Estonian Academy of Music and Theatre

PEVoC14 will take place on 24-27 August 2022 in Tallinn in the new building of the Estonian Academy of Music and Theatre. 

Estonian Academy of Music and Theatre is a public university, specialized in music and drama. Students can specialize in all major fields of music and theatre in Bachelor’s, Master’s and Doctoral programmes – from organ and harpsichord to jazz and traditional music.

In addition to vocalists and instrumentalists, conductors, composers, musicologists, music teachers and sound engineers are also trained in Bachelor’s programmes.

The new building of the Estonian Academy of Music and Theatre was opened in September 2019.


Seaplane Harbour

The Seaplane Harbour, including the Seaplane Hangar, was built to become part of Peter the Great’s naval fortress 100 years ago on orders from the Russian emperor Nicholas II. The architecture of the Hangar is remarkable, featuring the world’s first columnless thin-shell concrete domes of such volume. The building was used for seaplanes until the Second World War!

The Seaplane Harbour accommodates one of Europe’s grandest maritime museums. You are invited to see the authentic submarine Lembit from the 1930s, the century-old steam-powered icebreaker Suur Tõll, a Short 184 seaplane replica, mines, cannons and many other life-sized exhibits. 

The Seaplane Hangars — a building connecting the sea with the sky — has been awarded the Europa Nostra 2013 Grand Prix for cultural heritage.


St. John's Church

The bright yellow, neo-Gothic church that dominates Freedom Square is a true survivor among the city's churches.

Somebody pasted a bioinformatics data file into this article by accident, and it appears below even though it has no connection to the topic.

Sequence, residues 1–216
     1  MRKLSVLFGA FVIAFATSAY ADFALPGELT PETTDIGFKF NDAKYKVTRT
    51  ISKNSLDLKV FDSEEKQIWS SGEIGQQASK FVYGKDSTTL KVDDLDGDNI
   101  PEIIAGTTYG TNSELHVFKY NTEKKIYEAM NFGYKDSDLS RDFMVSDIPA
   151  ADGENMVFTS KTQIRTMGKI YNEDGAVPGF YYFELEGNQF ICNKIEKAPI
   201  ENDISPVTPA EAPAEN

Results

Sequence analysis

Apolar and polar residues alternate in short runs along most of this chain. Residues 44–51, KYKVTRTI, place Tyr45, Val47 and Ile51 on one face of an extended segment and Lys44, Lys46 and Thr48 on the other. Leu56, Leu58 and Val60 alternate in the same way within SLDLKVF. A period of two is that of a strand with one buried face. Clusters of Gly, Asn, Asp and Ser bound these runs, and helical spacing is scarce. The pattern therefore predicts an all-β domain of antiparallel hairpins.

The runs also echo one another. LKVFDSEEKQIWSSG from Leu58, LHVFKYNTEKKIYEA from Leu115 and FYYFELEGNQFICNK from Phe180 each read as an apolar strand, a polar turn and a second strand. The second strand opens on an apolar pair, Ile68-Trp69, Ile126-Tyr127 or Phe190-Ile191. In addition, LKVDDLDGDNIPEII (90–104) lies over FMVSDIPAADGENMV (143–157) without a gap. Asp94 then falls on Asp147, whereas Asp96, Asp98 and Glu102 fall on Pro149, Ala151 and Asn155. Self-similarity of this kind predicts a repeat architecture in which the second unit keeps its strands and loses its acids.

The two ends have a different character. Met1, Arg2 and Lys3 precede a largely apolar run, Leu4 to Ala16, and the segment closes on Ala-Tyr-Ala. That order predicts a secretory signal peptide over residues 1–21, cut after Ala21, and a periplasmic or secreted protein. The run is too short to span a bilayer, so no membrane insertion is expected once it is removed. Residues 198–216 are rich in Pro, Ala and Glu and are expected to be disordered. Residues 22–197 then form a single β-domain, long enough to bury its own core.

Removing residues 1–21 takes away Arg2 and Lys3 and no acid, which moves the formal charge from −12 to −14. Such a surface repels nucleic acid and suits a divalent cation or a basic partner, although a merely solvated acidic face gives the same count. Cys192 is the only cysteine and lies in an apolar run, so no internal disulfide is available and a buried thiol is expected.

Despite two attempts to tear it down in the last century, it has persevered and is likely to be around for a long time to come.

The idea for St. John's church first came about in the mid-19th century when the city's growing population of ethnic Estonians made the Holy Spirit Church too small for its congregation. A new church, which at the pastor's suggestion was named for St. John the Evangelist, was founded.

Construction lasted from 1862 to 1867, and was carried out under the supervision of the church's designer, Tallinn-born architect Christoph August Gabler.

The smart design of the altar and the painting Christ on the Cross and the chandeliers, which are older than the building itself, make the church radiant.

The oldest church bell with an Estonian text is also located in the church tower (1872). 

The church has wonderful acoustics and 3 pipe organs. A new Choir Organ was built in 2005 by the German organ experts, Orgelbau in Ostfrieslandwith, with which began the restauration process. After the Choir Organ, the Grand Organ (built in 1867) was restored in 2009. In addition, Orgelbau in Ostfriesland restored the Echo Organ as well. 



Public transport is free for all PEVoC14 delegates

Tallinn is very compact and easy to get around. Reaching farther out destinations is simple thanks to the city's network of busestrolleys and trams

The public transport network operates from 6:00 to 23:00 daily (some lines until 24:00, see timetables for further information). 

The transport for all PEVoC14 delegates is free. You will receive a QR code in a PEVoC14 newsletter. It will also be printed on your name tags you will receive when checking in at the conference site.

The ticket system works on a random-inspection basis: you do not have to show anything to the driver.

The QR code must be validated at the bottom of the rectangular orange validator located at the front door of the public transport vehicle: place the QR code displayed on a smart device screen or printed on paper in front of the code reader screen situated at the lower part of the rectangular validator.

It is not necessary to re-validate your ticket when exiting the vehicle.

Below you can find the map with all public transport options. You can open it in a new window here.

Click to magnify.

Tallinn's public transport map